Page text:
Parents Coach dress code

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cocoslc12

Coach
Judge
Hello gymnastics parents!
I need some insight. I'm a coach/manager at my gym. I'm rewriting our coaches dress code as our current one is quite old and not very clear.
I notice alot of our staff wear very short shorts and/ or short, tight spandex shorts. I never feel comfortable wearing that (I'm a female also) and am the only coach that always wears pants no matter the temperature, but that's just my preference.
I'm wondering from a parent perspective, would you see short shorts/spandex as unprofessional? I personally do, but I want to make this dress code based off of what is most socially acceptable to the majority, not just my opinions.
Your input would be greatly appreciated!
 
I wouldn’t view them as unprofessional especially because it’s a gym. Both gyms we have been a part of get hot and if they’re pretty hands on coaches I’d think it is easier in whatever is comfortable. I’ve almost always seen short shorts, tight shorts, leggings and t shirts or tanks on all the female coaches. DDs new gym seems like the coaches all wear the gym logo t-shirts. The old gym was a ymca and very laid back dress code.
 
I wouldn’t view them as unprofessional especially because it’s a gym. Both gyms we have been a part of get hot and if they’re pretty hands on coaches I’d think it is easier in whatever is comfortable. I’ve almost always seen short shorts, tight shorts, leggings and t shirts or tanks on all the female coaches. DDs new gym seems like the coaches all wear the gym logo t-shirts. The old gym was a ymca and very laid back dress code.
Thank you for your input!
 
Not a parent of a gymnast (yet - she's 1) but as a coach, we had a policy about having finger tip length shorts when you stand with your arms by your side and I thought that was appropriate for a work environment. They could be bike shorts (aka tight) but still a bit longer then. No crop tops, no visible undergarments, and shorts that are sure to cover everything as you move around. We were also required to wear neutral or gym colored bottoms - the gym's colors were black, white, and blue, so shades of blue, and then also gray, white, and black, were all fine - and a shirt with the gym's name/initials. A few times a year, the gym would offer to have appropriately colored tops embroidered with the logo, and would also gift shirts/sweatshirts/jackets from time to time. You could also have your own tops embroidered on your own any time. It gave a wide range of freedom for personal preferences and style while still looking professional and making it easy to identify the coaches.

On the last point, it is something to consider especially if you have young coaches who might also be athletes. A lot of our high school rec students also coached and having a clear cut dress code made it clear when they were coaching vs when they were working out.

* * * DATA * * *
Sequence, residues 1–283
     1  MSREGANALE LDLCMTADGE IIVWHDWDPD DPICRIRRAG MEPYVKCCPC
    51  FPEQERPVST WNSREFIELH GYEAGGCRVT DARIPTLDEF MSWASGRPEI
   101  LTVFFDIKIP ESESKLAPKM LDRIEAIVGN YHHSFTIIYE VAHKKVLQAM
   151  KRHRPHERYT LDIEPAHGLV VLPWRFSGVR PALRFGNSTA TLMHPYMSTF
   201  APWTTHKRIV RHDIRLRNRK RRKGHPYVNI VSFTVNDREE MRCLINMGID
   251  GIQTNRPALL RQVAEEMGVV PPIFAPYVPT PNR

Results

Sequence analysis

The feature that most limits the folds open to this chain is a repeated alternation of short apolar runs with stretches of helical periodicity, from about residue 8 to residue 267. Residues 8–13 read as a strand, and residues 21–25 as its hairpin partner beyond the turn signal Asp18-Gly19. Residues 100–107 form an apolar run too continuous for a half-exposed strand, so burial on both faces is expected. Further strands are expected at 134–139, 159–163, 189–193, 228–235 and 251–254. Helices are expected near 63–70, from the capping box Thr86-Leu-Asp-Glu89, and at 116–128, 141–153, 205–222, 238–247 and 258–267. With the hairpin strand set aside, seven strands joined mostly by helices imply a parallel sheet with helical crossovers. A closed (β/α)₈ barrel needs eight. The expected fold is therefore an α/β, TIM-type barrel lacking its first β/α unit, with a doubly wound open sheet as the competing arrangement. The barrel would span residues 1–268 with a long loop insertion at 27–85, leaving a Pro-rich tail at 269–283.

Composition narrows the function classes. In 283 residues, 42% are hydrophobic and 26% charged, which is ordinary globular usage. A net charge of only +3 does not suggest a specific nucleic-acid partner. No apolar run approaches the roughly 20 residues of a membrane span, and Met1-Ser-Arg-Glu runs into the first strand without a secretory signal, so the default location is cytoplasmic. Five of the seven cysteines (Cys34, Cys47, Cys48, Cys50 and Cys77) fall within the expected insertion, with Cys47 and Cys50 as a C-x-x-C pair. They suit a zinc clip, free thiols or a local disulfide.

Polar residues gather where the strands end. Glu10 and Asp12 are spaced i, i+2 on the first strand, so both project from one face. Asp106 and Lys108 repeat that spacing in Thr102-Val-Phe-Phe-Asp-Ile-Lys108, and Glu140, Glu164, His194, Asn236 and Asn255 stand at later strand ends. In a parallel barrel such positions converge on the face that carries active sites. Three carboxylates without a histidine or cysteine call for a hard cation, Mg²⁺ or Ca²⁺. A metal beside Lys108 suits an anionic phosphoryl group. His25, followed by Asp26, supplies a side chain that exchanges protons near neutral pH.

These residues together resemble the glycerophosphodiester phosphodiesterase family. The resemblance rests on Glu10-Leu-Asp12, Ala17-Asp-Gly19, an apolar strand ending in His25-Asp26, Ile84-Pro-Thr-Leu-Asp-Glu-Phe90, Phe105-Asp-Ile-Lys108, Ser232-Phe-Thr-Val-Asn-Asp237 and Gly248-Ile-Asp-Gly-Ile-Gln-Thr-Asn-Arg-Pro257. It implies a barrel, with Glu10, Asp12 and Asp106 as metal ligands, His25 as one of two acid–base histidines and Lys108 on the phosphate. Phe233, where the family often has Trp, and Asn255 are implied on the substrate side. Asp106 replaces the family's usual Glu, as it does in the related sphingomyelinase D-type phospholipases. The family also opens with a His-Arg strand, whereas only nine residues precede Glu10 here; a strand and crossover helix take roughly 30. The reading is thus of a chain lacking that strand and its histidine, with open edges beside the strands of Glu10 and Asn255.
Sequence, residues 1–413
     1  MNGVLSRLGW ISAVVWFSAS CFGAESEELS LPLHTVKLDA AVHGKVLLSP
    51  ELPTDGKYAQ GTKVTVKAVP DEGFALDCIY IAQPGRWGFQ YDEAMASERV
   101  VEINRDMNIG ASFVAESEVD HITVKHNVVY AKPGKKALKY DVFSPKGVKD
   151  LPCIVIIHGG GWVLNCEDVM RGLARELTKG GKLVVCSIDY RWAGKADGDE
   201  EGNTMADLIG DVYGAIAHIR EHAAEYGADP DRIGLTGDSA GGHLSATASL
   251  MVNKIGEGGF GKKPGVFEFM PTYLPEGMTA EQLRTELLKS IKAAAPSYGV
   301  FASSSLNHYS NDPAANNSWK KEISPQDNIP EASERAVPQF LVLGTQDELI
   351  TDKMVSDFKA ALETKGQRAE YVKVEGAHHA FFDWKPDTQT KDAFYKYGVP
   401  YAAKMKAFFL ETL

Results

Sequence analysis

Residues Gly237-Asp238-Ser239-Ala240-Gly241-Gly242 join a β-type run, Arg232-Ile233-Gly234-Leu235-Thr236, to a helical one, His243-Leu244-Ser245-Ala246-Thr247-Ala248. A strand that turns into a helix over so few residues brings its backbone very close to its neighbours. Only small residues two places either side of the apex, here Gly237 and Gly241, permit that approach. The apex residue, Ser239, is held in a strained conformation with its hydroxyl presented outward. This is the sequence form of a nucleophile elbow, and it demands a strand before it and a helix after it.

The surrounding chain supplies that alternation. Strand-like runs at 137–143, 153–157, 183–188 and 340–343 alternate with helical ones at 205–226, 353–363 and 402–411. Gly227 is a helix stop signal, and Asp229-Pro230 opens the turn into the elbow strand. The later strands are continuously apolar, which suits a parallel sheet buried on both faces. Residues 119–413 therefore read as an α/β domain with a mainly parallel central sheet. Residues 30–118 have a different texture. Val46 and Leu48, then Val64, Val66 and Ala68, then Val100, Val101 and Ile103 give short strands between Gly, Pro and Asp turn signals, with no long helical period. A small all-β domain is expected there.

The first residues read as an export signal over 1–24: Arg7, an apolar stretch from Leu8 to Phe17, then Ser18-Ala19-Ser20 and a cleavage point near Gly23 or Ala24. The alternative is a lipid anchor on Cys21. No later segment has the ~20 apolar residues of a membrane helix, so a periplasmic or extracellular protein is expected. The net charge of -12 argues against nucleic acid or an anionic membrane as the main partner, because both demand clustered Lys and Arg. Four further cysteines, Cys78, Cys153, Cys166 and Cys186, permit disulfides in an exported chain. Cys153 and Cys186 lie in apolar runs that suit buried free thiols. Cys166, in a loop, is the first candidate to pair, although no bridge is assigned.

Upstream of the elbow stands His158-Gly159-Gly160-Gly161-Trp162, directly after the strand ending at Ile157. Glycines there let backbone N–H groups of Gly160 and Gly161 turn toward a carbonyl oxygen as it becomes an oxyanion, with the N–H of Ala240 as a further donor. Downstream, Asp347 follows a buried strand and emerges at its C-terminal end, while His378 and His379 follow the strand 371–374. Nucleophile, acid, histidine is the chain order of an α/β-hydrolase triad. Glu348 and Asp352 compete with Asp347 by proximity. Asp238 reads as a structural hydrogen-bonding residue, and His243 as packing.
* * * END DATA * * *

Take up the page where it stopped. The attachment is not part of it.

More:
Not a parent of a gymnast (yet - she's 1) but as a coach, we had a policy about having finger tip length shorts when you stand with your arms by your side and I thought that was appropriate for a work environment. They could be bike shorts (aka tight) but still a bit longer then. No crop tops, no visible undergarments, and shorts that are sure to cover everything as you move around. We were also required to wear neutral or gym colored bottoms - the gym's colors were black, white, and blue, so shades of blue, and then also gray, white, and black, were all fine - and a shirt with the gym's name/initials. A few times a year, the gym would offer to have appropriately colored tops embroidered with the logo, and would also gift shirts/sweatshirts/jackets from time to time. You could also have your own tops embroidered on your own any time. It gave a wide range of freedom for personal preferences and style while still looking professional and making it easy to identify the coaches.

On the last point, it is something to consider especially if you have young coaches who might also be athletes. A lot of our high school rec students also coached and having a clear cut dress code made it clear when they were coaching vs when they were working out.
I like the idea of gifting apparel. We havent done that in a long time.
I like those policies. I'm trying to enforce something not too strict, while also being sensitive. I feel like dress code can be a touchy subject at times. We already have staff shirts that everyone hates (including myself admittedly, they're white and cheap see through so shirts have to be worn underneath, which is going to be awful for the summer). So I want the staff to have some freedom.
 
We have a uniform shirt for our staff. It's a polo shirt made as sportswear (flexible, wicking fabric etc) by a sportswear company, with our logo on the front and COACH on the back. They wear it to competitions too (as is the rule). It was expensive to kit everyone, but just part of the cost of doing business, and we provide them for staff.

Staff provide the remainder of their outfit (although we have a staff tracksuit for them for competitions that they can also wear in the gym), and we just ask that it's suitable for the work they are doing. Short shorts are fine, turning up in a miniskirt would not be.

The younger coaches tend to just wear Nike pro shorts(like the gymnasts), and older ones tend to wear slightly longer shorts or tracksuit pants. And in winter they wear leggings (Nike or Lululemon) or tracksuit pants.

We have also given out singlet style tops. We have some very hot days here, and staff wear them on very hot days. They aren't as professional looking though, so we encourage them for comfort when it's necessary but at other times they wear the polo.